[Cross-posted to Cliopatria & Digital History Hacks]
Last week some time, my eyes popped open in the middle of the night and I realized that it's been quite a while since I blogged. I was too tired to get up and rectify the situation, but, of course, that didn't stop me from lying there half-awake and thinking about blogging. My mind turned to the fact that I've been even more remiss about cross-posting to Cliopatria from time to time. I imagined that some Cliopatrians (O.K., Ralph E. Luker) were probably posting more than a hundred times for each one time that I managed to.
From there I got to thinking about the students in my digital history grad class. They have to blog as the written component of their coursework. Although I'm very explicit about my preference for quality over quantity, you'd think that they would be motivated to produce approximately the same amount of written work as one another. Nevertheless, I had a sense that there could easily be an order of magnitude difference in output between the most and least-frequent posters. I tried to visualize what the distributions would look like: probably a power law. Since that night, I've had a chance to check. The figure below shows the number of times that various members of Cliopatria and of my grad class posted between the beginning of September and now.
I think most academics, including my students, quickly learn that they have strong preferences for some kinds of writing rather than others. One person likes to write abstruse monographs, one popular books, one carefully-crafted essays. Some of us have found that we're able to blog and some people seem to be especially good at it. There's an ecology of scholarly production, and we all have to find our niche.
So I was lying there thinking about blogs and I realized that it reminded me of something, what was it? Oh yeah, frog communication. (It was the middle of the night.) Many years ago I read an utterly charming paper on the subject in Scientific American, and it's stuck with me (Peter M. Narins, "Frog Communication," Sci Am, Aug 1995, 78-83). In its efforts to attract females, the male coqui, a tiny Puerto Rican frog, makes a chirping call that is louder than a jackhammer. This raises many questions, not the least of which is "how [does] such a small creature protect itself from its own racket?" The answer turns out to be a fascinating lesson in evolution and engineering, so be sure to read the paper. What's interesting from the point of view of blogging, or scholarly production more generally, is that the frogs also have a special neural mechanism that follows the periodic calls made by other creatures, predicts windows of relative silence, and allows them to blast their own calls into the gaps.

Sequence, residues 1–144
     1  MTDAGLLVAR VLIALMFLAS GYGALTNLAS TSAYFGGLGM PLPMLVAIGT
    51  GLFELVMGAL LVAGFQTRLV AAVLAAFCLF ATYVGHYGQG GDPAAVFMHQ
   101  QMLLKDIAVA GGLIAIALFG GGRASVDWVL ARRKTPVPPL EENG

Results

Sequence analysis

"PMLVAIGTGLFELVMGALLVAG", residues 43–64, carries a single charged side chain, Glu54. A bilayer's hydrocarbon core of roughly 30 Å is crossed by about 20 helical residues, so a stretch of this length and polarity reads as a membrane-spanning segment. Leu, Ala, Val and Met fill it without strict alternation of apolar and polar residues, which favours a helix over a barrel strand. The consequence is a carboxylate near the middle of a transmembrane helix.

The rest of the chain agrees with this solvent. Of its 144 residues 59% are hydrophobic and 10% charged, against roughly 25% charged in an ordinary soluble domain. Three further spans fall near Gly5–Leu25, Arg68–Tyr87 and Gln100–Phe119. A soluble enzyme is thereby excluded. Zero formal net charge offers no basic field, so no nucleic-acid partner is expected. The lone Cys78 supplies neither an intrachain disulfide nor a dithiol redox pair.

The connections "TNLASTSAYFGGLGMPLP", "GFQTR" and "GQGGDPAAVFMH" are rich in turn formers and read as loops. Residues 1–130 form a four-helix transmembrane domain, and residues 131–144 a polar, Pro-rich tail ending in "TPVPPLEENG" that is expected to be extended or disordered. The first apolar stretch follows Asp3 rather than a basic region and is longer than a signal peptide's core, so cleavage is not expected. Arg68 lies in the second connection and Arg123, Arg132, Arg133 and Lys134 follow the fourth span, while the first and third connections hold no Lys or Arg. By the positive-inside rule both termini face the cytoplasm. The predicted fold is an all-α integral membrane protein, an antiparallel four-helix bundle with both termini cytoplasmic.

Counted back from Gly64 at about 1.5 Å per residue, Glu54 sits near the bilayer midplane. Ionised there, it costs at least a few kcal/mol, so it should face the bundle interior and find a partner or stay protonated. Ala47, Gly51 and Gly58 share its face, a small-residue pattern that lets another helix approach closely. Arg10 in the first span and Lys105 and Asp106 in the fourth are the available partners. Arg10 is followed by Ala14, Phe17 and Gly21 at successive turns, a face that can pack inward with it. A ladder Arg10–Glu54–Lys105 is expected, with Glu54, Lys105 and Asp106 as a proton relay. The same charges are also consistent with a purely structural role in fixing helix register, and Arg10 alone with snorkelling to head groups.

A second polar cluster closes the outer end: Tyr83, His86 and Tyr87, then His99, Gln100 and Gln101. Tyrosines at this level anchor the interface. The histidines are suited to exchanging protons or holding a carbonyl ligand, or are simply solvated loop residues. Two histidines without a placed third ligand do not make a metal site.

Now based on my own experience to date, I rarely blog in response to external factors. Instead, I blog when I can get up the gumption to do so. Like many scholars, I've grown used to the idea that when you write something, you're adding it to a body of knowledge that is growing, if not monotonically, at least pretty steadily. On that view, the relative timing of different contributions doesn't matter so much, unless you're in a race for the Nobel prize or something. As historians, we can usually afford to take the long view.
Frogs, however, don't take the long view. As Charles F. Hockett argued in another classic Scientific American article, human language is apparently unique among animal communication systems because it allows us "to talk about things that are remote in space or time (or both) from where the talking goes on" ("The Origin of Speech," Sci Am, Sep 1960, 89-96). For the frog, there's right here, right now, give or take a few hundred milliseconds to squeeze in the call where it is most likely to be heard.
Thinking about blogging as a contribution to an infinite archive pushes us a bit too close to the frog's view of the world for comfort. Imagine having to squeeze your post in right here, right now, the only place where it has a hope of making any difference for anybody. The history blogosphere is already too vibrant, too far-flung for most people to monitor effectively. As more voices are added to the cacophony it's going to become harder and harder to be heard. How can we hope to get it right? Here's where we have a real advantage over the frog. We have the ability to create machines which simulate neural and evolutionary processes. Imagine the blogger of the future, augmented by an artificial system that monitors discourse, predicts gaps and pops in your contribution when and where it's most likely to be cited. Over time, the system learns what you are capable of, and becomes more effective at getting your message out. Does that sound crazy? Ribbit!
Tags: blogs | Cliopatria | Eleutherodactylus coqui | findability | machine learning